Album Review: Skream – Outside the Box

Dubstep is at the fork in the road that every genre eventually reaches: the point where artists either attempt to crossover, or forgo mainstream success and go further underground. Like Rusko before him, dubstep pioneer Skream has opted for the former with his latest album, Outside the Box (dropping in early August). Unfortunately, a number of half-measures finds Skream uneasily positioned between the two paths.

Outside the Box features many of Skream’s trademarks: stuttering two-step beats, sparse compositions, and robust bass. It suffers, however, by not putting its best foot forward. After the echo-filled atmospherics of “Perforated,” the album slips into the lame chiptune of “8-bit” (unaided by the milquetoast rapping by Murs) and then “CPU,” which highlights the regrettable vocoded lyric “I am your computer” ad nauseum.

The album picks up from there, with some strong vocal-led tracks (the diva R&B of “I Love the Way” being the strongest) and “Fields of Emotion,” the song most reminiscent of Skream’s breakthrough hit “Midnight Request Line.” Lead single “Listenin’ To the Records On My Wall” is all rave nostalgia, the titular records some combination of jungle and drum & bass. The video for “Listenin’…” is an ambitious take on creation, a theme that fits the nature of the song.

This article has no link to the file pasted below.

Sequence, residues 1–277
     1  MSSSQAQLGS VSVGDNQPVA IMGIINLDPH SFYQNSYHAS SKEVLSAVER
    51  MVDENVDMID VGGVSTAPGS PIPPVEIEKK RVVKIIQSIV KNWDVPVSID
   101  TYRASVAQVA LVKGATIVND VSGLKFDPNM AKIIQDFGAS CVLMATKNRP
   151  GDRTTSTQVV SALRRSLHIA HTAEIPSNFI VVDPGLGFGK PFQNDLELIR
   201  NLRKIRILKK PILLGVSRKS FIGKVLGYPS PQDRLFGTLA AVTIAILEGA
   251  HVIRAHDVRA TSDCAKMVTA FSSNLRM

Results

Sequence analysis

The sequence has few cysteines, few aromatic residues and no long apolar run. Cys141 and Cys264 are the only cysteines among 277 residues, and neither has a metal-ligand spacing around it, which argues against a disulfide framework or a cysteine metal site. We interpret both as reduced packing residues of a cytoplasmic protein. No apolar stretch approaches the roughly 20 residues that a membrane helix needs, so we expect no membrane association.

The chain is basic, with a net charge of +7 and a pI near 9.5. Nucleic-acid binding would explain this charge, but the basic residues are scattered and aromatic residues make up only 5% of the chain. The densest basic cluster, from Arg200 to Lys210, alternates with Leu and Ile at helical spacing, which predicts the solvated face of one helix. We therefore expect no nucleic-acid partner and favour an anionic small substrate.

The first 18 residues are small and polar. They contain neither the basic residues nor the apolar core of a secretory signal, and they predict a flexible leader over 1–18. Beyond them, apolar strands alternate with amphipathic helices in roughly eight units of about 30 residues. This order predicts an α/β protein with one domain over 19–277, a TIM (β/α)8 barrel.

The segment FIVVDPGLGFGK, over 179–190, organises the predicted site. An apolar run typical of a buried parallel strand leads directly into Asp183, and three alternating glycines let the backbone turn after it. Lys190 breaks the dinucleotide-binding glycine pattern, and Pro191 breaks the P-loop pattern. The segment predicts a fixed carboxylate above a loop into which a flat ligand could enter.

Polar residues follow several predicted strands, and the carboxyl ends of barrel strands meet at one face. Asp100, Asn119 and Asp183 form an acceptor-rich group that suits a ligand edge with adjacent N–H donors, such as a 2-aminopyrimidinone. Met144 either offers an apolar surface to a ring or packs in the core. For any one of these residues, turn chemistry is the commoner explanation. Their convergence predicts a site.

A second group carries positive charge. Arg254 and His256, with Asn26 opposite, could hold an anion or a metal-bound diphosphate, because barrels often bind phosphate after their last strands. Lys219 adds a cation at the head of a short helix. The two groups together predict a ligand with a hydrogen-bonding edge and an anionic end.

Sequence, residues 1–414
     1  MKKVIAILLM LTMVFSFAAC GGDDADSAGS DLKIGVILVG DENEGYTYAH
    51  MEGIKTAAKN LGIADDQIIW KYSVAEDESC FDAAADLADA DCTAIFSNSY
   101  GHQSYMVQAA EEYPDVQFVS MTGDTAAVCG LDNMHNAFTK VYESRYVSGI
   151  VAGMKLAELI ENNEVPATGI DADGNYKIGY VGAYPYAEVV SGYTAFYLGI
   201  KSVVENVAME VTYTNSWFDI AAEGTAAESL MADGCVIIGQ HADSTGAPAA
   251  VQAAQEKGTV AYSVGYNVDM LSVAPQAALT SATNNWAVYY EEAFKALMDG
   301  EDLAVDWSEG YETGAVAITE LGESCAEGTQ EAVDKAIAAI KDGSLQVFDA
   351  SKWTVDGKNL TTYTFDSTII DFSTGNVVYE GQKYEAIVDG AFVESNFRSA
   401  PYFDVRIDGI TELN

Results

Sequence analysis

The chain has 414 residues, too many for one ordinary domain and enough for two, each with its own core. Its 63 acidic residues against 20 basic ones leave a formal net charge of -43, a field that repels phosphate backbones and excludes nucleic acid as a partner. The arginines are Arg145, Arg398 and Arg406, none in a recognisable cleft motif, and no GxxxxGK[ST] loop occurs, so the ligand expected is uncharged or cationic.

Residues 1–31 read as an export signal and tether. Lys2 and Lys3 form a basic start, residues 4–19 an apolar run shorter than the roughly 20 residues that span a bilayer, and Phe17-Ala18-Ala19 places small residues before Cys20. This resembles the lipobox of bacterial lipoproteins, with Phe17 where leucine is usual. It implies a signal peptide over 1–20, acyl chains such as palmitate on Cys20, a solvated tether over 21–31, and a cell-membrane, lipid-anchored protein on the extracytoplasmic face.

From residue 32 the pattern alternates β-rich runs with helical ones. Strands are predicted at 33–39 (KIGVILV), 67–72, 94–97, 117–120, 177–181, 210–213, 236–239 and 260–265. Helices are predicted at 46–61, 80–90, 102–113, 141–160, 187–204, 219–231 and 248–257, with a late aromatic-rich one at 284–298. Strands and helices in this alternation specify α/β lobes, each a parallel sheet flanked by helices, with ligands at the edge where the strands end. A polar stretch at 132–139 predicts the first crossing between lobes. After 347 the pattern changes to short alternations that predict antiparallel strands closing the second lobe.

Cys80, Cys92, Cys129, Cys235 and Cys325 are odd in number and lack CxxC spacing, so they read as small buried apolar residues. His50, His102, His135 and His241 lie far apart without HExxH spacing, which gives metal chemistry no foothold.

“Wibbler” attacks like old-school Skream with its unrelenting, headbanging wobble; it’s the lone aggro track on the record. The rest of Outside the Box combines warm synths and relatively straight-forward beats. “The Epic Last Song” tries to live up to its grandiose title with a jungle backbeat and colliding synthlines.

Skream teams up with La Roux on “Finally,” but can’t quite capture the magic of his “In for the Kill” remix; the build to the chorus relies too much on the thin voice of La Roux’s Eleanor Jackson. The track will probably be the album’s second single, which speaks to the overall quality of the album as a crossover attempt.

In crafting dubstep palatable to a mainstream audience, Skream removes too many of its hard edges. The mellow tracks aren’t minimal, they’re just boring. The problem is reinforced by the weakness of the album openers. Despite a few highlights, not living up to the high standards he has set makes the album a disappointment. Contrary to the title, Skream doesn’t move Outside the Box, he just chips away until there isn’t much left of it.


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